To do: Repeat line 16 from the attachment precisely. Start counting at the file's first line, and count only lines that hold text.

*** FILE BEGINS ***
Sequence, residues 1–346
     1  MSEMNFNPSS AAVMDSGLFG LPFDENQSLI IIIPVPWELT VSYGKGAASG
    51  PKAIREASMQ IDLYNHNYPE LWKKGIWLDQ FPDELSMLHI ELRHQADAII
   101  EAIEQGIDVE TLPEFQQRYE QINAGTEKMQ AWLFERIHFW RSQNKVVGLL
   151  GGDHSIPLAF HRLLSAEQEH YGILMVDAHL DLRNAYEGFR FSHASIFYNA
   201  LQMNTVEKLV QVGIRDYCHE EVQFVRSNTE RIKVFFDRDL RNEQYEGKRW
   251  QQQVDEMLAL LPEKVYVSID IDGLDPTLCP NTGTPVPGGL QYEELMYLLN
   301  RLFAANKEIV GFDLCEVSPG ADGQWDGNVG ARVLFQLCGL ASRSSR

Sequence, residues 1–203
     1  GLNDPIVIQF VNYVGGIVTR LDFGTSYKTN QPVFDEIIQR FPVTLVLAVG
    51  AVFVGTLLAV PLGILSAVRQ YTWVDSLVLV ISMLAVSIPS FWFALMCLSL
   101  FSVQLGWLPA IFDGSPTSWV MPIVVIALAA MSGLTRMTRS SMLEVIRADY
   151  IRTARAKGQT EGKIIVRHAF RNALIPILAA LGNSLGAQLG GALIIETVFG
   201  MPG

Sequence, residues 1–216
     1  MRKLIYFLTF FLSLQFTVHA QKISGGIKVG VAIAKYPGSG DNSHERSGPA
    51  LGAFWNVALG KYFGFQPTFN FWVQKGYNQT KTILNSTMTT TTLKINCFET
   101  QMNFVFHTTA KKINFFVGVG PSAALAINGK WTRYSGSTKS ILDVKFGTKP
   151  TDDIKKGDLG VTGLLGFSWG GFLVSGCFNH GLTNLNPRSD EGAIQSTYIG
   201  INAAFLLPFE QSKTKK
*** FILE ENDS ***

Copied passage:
     1  MRKLIYFLTF FLSLQFTVHA QKISGGIKVG VAIAKYPGSG DNSHERSGPA